A Family Loses Their Home to the Sea

The cyclone turned the fishing village of Thae Khon into a sandbank. The house of Daw Anu Ma and her two sons were swept away.

By Admin 07 Jul 2023

A Family Loses Their Home to the Sea

Written by Mrat Swe

On May 14, 2023, waters from the Bay of Bengal brought deadly waves to residential areas along the shores of Arakan State, their encroachment fueled by Cyclone Mocha.

The cyclone turned the fishing village of Thae Khon into a sandbank. The house of Daw Anu Ma and her two sons were swept away.

Before the storm hit Arakan State, Daw Anu Ma, in her 50s, evacuated her house and took shelter at the village monastery. Accompanying her were her two sons — Ko Shwe Sein Maung, a man with physical disabilities in his 30s, and his brother Ko Hlaing Maung Tun, who is in his 20s.

“We fled along with fellow villagers. I asked them to also bring us to the place where they would take shelter during the storm,” said Daw Anu Ma.

The roof of the village monastery where Daw Anu Ma, her two sons and other villagers were taking shelter was blown off by the storm at around 10 a.m.

As the storm intensified, giant waves from the Bay of Bengal started to flood the village monastery, which is located at the high point of the village.

Ko Shwe Sein Maung said it was depressing and disheartening to see his fellow villagers fleeing the monastery.

“The corrugated roofing sheets of the monastery were blown away by the storm. Our family alone was left when other villagers fled. My friends told me to stay there, and that they would come back for us. They carried us on their backs, and we managed to escape,” said Ko Shwe Sein Maung.

Villagers including Daw Anu Ma and her two sons then fled to Yay Padae Village, which is a two-hour boat ride from Thae Khon.

The mother and her sons returned to their village the following day. But their house, which was their only real asset, was gone. Many houses, fishing trawlers and fishing nets were swept away by the storm tide.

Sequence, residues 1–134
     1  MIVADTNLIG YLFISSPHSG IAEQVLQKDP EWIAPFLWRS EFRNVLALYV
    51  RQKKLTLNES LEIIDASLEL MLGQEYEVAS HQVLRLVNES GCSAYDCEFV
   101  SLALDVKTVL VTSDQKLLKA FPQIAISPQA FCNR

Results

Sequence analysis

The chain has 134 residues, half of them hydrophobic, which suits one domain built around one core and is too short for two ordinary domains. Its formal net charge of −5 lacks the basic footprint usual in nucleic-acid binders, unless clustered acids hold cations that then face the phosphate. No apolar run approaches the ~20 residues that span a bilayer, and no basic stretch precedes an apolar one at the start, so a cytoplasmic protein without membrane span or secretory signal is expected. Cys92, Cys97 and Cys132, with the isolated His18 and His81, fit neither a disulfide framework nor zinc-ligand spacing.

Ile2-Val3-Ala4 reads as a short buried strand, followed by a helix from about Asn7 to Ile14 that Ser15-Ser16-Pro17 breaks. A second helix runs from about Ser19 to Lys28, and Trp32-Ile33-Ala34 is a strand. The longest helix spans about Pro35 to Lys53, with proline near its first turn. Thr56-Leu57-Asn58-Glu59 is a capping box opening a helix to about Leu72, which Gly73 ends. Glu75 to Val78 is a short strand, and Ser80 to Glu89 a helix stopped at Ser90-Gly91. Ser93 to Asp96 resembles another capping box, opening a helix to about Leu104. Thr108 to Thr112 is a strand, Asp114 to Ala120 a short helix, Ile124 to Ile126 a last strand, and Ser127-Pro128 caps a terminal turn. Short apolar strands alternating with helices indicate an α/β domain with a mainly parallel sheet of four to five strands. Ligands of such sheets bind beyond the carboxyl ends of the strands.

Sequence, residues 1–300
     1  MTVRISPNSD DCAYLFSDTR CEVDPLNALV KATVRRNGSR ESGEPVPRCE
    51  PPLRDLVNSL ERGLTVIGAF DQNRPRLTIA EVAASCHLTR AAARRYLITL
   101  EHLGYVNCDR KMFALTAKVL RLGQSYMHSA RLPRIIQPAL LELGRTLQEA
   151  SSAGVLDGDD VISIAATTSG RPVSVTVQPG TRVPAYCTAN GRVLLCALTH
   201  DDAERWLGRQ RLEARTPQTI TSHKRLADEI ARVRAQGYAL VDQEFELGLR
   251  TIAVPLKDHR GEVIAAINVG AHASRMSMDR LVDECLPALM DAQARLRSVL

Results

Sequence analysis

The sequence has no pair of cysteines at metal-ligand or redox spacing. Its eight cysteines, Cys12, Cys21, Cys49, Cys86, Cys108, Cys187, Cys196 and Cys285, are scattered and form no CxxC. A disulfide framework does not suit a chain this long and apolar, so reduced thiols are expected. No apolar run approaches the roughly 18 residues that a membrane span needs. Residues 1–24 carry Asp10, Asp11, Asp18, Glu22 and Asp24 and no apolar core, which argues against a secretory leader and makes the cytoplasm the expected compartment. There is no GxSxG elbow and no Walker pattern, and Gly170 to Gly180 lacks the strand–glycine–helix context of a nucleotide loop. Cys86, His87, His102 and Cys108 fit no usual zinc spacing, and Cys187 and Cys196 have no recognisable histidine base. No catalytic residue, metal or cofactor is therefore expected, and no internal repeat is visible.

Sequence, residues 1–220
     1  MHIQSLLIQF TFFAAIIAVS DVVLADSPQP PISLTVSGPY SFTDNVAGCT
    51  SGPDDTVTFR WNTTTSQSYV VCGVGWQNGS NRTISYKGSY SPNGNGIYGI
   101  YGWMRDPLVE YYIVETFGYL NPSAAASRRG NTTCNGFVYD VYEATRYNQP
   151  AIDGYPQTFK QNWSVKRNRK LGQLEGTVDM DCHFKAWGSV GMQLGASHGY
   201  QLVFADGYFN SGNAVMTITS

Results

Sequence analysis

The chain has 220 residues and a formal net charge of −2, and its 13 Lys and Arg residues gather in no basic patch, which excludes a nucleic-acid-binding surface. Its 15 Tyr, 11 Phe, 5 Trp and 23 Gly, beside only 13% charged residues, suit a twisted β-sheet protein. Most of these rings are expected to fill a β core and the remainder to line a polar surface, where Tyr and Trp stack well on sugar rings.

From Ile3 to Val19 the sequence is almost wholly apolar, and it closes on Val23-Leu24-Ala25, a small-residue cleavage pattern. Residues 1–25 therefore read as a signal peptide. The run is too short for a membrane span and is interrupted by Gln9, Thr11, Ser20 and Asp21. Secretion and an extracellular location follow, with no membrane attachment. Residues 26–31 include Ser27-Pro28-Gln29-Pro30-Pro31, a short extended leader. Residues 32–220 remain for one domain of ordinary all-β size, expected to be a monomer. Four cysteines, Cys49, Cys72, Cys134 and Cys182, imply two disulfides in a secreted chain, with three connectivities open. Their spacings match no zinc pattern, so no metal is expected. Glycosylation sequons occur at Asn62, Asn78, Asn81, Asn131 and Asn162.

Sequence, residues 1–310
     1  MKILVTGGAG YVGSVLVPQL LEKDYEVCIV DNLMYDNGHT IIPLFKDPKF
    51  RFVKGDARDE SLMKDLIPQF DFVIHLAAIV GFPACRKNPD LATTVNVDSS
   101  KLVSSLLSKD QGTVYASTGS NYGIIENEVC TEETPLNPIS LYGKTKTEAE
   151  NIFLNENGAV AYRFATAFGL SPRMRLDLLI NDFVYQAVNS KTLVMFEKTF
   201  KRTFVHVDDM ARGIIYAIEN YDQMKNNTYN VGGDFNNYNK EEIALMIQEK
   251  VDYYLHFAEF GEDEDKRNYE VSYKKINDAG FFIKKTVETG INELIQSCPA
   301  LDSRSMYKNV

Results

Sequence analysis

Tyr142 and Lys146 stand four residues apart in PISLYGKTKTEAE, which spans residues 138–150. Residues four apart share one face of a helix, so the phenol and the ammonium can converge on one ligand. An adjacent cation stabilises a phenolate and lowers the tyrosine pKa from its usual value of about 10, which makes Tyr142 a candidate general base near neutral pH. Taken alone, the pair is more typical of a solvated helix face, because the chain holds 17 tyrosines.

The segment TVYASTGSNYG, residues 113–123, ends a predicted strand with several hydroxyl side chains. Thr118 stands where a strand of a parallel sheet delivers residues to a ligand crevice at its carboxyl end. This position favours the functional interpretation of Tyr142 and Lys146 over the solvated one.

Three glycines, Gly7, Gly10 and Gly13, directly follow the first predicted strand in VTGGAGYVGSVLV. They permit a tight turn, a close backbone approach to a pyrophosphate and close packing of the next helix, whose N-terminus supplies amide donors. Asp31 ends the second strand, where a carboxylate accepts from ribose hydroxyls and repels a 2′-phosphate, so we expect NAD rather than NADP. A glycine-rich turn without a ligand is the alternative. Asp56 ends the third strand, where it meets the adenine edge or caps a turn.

Daw Anu Ma cares for her two disabled sons earning a living as an odd-job worker. Her home was destroyed by the cyclonic storm three days after it was built.

“We have no home to live in and are facing accommodation difficulties. We are now trying to build a home with the help of others,” she said.

Local residents of Thae Khon Village are currently unable to engage in fishing, which is their main source of income, and have to rely instead on donors for their livelihood.

“We rely on relief items donated by the junta and donors. Previously, we earned a living as vendors and odd-job workers. Sometimes, we have to beg for food from others,” Daw Anu Ma said.

Daw Anu Ma is a mother of five whose husband died before the children grew up, leaving her to raise them on her own. Three of her children are now married and have moved out.

Ko Shwe Sein Maung and Ko Hlaing Maung Tun, who are currently living with her, were not born with disabilities, but both became disabled as adults.

She said that sometimes when she is unable to work because her body is not healthy, she is worried about the food of her two sons. That’s why, in preparation, she raised chickens at home to sell, but her hopes have now gone with the storm.